Four months after its release, it's fair to say Hellgate: London didn't live up to expectations. There was an unfortunate gulf between what people wanted - a polished successor to Diablo, and what they received - a buggy, seemingly unfinished dungeon crawler.
This abyss of expectation isn't something that's gone unnoticed by Flagship, and a string of subsequent patches (a content update - The Stonehenge Chronicles) have begun to set right what went so wrong. But how do you change first impressions? You can't. Can you?
"I think that people had incredibly high expectations that we simply didn't meet," admits Roper. "The game came out with some major bugs and that threw fuel on the fire. We've been killing ourselves addressing all of those issues, and the game is so much better now than it was when it came out. We just hope people will come back and give it a try again, if they played in those first few weeks of its release and were disappointed."
"As for development issues," continues Roper, "we simply tried to do too much with the game. Vista, DirectX 10, being both a single-player boxed product and a multiplayer online game, a simultaneous launch in seven languages across Europe, the US, and South East Asia, and creating our own fully-featured online destination on top of all that.
"We'll take the blame for not getting enough testing done while working to meet our committed ship date. There were so many issues that came up just before launch that just compounded the things we were working on, right up until the game launched, that we didn't get fixed. Or that we thought had been fixed, but came up again when we had tens of thousands of players online concurrently."
Issues like items for level 70 characters being dropped by mobs, when the level cap is 50 - as if the loot's taking the piss out of you - was one example of the maddening wrongness that riled players into such a frenzy they coined the scathing term 'flagshipped', and the hypercritical 'fansite' www.flagshipped.com.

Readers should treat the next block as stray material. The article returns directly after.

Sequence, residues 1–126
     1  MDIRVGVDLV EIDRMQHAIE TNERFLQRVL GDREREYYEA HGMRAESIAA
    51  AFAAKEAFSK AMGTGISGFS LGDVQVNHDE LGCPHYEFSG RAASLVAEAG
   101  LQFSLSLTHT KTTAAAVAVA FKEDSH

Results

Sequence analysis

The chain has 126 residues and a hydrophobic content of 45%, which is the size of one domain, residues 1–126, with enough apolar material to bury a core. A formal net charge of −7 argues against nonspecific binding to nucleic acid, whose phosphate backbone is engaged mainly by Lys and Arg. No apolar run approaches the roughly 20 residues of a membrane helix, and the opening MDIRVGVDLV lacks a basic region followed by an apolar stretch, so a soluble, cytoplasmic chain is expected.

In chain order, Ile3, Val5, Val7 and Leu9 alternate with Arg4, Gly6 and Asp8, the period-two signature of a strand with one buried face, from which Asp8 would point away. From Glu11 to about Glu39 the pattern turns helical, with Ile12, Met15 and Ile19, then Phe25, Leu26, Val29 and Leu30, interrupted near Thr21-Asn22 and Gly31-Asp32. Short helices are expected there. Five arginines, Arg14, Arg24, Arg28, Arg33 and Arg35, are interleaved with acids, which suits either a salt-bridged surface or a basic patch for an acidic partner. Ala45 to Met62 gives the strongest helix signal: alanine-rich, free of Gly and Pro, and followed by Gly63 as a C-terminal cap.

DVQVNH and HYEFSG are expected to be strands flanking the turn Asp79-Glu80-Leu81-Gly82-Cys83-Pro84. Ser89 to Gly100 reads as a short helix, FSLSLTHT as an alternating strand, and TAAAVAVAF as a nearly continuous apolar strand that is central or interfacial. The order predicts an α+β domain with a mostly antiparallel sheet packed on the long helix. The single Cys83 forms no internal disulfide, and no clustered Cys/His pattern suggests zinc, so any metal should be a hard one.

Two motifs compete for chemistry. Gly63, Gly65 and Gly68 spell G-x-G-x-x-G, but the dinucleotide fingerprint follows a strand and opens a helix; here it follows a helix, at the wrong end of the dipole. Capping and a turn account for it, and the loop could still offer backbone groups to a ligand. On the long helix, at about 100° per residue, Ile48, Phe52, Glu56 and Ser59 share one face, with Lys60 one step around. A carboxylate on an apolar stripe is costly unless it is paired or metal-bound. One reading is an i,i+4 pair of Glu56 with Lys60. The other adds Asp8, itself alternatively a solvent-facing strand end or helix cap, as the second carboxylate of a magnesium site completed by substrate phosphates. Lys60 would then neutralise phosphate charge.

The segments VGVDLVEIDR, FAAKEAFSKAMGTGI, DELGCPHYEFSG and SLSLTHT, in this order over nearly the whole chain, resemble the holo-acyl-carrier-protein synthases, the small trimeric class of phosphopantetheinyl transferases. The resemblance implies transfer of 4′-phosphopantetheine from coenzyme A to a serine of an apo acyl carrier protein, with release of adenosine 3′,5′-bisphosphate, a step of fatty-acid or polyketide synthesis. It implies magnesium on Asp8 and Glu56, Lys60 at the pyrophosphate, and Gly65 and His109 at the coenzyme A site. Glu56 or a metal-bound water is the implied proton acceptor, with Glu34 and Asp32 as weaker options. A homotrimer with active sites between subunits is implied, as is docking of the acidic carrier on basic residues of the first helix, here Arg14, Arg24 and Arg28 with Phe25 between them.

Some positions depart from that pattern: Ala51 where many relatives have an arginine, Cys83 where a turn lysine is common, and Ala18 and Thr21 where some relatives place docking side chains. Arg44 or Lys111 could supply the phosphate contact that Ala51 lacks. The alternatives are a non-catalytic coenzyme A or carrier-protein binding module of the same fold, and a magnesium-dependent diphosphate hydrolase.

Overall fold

The word's even appeared on UrbanDictionary.com - not quite the Oxford English Dictionary, but embarrassing for Flagship all the same. An example of how to use this new piece of internet slang follows:
Tim: "I just bought a new table today and one of its legs broke."
Jeff: "Man you got flagshipped!"
The internet is always going to be an angry, bubbling vat of criticism-spitting piss, but the reaction to Hellgate was especially negative online. Maybe more testing would have offset the nerd rage?
"Our issues when we launched were less about the total months of testing (which were numerous) as opposed to the vast number of issues that came up right at the end," explains Roper. "The game would certainly have benefited from a couple of more months in the oven, so to speak, but we didn't have the ability to do so. The challenges of an independent game studio are drastically different than those owned by a publisher. We're fortunate that the online nature of the game has allowed us
to continue to fix bugs, add content, and respond directly to our player's wants
Other reasons contribute to an unfinished product reaching the shelves - the most upsetting being pressure from the men in suits holding the briefcases full of cash. So were Flagship rushed into completing Hellgate: London?
"Yes and no," claims Roper. "We made a commitment to ship the game on a certain date, and that decision was made jointly between us and our publishing partners. We wanted to stay true to that date because of all the marketing and sales work that had been put into a timed launch.